UCLA researchers in the Department of Surgery have developed an air leak detection system for use in patients requiring chest tube placement.
The standard “state of the art” in the vast majority of medical situations requiring chest tube placement is for the tube to be connected to a “collection system” which includes a “waterseal” chamber to manually detect pulmonary air leaks. Recently, the ThopazTM collection system has been introduced and consists of a proprietary drainage system used to remove air and liquids, similar to common chest tubes.However, the additional feature of air flow and pressure detectors provides clinicians with information regarding the presence and extent of air leakage.The drawback is that this system requires the purchase of a completely new “electronic” system and significant personnel training.This has kept it from gaining traction in the clinic.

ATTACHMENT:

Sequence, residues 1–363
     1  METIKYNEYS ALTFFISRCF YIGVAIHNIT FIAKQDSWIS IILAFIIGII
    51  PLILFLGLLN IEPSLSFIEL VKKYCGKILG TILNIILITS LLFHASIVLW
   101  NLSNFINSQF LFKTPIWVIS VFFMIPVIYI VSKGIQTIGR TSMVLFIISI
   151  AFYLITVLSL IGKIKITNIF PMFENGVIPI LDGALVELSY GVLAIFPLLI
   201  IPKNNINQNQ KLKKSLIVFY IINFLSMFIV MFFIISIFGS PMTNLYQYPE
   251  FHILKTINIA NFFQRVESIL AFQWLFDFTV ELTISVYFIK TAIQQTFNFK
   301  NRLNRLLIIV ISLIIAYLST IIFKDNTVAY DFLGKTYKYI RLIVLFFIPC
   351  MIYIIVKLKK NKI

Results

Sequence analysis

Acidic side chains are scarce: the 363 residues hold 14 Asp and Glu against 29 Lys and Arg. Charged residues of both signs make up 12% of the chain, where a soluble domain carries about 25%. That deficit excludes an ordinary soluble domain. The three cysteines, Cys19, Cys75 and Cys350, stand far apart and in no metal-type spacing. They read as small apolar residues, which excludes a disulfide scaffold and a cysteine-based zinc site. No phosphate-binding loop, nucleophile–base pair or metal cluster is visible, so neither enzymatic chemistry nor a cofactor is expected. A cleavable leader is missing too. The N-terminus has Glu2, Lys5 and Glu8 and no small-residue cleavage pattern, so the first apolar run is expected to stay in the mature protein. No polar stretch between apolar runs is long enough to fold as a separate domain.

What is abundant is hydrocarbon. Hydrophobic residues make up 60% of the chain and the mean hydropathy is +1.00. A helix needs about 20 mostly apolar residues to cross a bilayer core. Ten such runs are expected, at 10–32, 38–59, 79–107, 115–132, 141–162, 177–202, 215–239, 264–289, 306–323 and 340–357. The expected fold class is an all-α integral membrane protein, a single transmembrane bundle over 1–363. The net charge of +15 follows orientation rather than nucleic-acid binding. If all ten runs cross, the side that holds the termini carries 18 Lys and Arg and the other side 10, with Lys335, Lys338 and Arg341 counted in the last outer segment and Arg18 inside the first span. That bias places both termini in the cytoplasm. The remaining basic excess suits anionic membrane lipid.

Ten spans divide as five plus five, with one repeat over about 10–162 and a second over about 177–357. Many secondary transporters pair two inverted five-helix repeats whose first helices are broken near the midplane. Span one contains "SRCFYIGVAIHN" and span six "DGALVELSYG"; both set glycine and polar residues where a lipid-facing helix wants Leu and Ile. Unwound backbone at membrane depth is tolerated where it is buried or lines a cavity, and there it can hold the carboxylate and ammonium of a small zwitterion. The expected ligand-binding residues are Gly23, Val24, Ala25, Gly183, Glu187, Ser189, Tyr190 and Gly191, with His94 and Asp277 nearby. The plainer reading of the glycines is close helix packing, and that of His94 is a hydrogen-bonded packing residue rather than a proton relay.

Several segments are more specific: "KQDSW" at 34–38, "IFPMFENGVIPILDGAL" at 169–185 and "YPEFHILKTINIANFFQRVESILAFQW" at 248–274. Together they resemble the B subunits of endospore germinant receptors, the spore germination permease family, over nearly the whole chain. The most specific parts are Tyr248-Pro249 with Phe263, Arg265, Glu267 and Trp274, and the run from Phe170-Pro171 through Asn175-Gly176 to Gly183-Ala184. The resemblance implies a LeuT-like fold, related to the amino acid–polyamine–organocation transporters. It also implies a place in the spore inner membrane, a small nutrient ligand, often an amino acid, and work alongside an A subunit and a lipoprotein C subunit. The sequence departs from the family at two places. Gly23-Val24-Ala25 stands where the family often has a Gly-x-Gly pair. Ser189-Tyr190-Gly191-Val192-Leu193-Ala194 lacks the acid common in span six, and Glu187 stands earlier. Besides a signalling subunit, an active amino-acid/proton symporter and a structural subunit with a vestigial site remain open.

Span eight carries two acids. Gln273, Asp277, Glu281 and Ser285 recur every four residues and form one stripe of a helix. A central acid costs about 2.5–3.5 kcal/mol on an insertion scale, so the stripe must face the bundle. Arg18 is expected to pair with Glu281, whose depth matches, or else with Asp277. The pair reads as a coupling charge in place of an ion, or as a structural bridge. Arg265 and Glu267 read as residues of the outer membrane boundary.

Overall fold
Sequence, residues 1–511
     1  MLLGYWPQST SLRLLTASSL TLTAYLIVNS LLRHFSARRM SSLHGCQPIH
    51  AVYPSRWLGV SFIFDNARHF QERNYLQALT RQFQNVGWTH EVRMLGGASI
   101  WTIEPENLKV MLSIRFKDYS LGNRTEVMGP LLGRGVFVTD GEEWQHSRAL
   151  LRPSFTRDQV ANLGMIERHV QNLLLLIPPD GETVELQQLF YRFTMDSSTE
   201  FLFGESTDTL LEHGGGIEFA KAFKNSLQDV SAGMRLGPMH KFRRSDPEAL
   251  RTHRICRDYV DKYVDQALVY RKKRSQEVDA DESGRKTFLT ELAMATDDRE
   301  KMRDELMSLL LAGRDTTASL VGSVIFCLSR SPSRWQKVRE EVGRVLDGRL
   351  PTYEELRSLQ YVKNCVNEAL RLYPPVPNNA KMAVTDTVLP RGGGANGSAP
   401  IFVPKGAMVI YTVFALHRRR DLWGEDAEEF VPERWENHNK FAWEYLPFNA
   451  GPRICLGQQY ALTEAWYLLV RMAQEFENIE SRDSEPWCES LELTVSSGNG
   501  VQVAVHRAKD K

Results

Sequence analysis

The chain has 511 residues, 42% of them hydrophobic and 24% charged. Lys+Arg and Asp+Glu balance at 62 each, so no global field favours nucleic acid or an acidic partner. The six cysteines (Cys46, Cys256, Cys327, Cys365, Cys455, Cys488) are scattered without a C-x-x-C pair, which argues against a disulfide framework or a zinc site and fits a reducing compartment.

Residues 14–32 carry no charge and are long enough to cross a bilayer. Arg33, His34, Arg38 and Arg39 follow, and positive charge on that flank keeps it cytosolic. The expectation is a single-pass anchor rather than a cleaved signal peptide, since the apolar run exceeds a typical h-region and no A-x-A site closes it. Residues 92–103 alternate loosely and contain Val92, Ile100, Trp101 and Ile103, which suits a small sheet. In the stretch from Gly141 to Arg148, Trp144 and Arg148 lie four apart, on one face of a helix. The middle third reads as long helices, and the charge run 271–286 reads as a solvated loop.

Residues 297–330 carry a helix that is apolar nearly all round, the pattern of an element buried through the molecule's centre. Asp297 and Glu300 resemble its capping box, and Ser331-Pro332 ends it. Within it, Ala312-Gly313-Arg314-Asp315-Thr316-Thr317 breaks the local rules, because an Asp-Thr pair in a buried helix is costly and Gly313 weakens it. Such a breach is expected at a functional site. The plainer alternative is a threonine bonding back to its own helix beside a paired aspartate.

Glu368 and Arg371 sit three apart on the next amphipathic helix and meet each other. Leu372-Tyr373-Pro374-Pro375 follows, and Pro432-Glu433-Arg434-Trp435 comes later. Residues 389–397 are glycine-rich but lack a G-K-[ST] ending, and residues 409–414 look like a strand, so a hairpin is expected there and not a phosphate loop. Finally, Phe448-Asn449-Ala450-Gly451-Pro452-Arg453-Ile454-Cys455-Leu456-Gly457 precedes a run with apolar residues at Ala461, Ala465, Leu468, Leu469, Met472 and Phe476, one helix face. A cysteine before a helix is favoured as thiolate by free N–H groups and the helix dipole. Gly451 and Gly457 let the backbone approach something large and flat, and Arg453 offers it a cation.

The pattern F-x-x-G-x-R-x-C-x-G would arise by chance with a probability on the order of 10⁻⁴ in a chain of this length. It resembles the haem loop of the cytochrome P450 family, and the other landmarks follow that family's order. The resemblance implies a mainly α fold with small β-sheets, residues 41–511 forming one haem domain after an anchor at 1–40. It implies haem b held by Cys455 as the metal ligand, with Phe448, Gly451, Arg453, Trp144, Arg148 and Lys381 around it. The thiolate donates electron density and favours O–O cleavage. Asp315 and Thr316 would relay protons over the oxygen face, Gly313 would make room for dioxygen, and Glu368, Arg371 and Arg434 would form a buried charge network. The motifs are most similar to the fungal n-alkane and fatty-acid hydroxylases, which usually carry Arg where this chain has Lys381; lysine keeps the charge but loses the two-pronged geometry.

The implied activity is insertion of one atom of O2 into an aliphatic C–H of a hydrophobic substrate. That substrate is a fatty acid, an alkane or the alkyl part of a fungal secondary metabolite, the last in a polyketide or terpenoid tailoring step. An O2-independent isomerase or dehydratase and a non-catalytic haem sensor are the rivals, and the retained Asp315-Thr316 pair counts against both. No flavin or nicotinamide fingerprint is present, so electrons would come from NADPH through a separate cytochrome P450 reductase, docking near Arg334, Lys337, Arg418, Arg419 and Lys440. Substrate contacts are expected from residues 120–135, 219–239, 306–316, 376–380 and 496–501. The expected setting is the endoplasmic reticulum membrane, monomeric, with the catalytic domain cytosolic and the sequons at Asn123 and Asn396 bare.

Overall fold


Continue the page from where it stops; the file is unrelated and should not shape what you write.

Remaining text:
Researchers at UCLA have developed an air leak detection system that consists of a LED and photo-detector placed on the “waterseal chamber” portion of a chest tube drainage system that is normally used clinically to visibly detect air leaks. This system is connected to a computer system that generates a time log of the amount of air leaking out of the chest tube drainage system and allows for 24 hour monitoring. It also alerts hospital staff in case of irregular behavior.
Management and monitoring of chest tube drainage systems
Chest tube, chest tube drainage system, pleural effusion, autonomous monitoring, air leak detection